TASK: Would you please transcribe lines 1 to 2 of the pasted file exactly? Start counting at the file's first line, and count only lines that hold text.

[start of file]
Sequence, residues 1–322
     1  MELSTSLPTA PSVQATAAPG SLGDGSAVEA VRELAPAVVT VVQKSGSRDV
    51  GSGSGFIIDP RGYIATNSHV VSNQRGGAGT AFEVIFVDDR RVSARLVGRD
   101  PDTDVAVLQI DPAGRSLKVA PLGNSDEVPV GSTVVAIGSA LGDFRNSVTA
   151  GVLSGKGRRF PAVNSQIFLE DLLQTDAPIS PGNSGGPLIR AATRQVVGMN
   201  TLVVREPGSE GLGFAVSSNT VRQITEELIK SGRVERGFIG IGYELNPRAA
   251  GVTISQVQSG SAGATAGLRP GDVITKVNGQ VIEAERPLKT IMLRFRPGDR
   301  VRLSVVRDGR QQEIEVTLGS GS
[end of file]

Sequence, residues 1–322
     1  MELSTSLPTA PSVQATAAPG SLGDGSAVEA VRELAPAVVT VVQKSGSRDV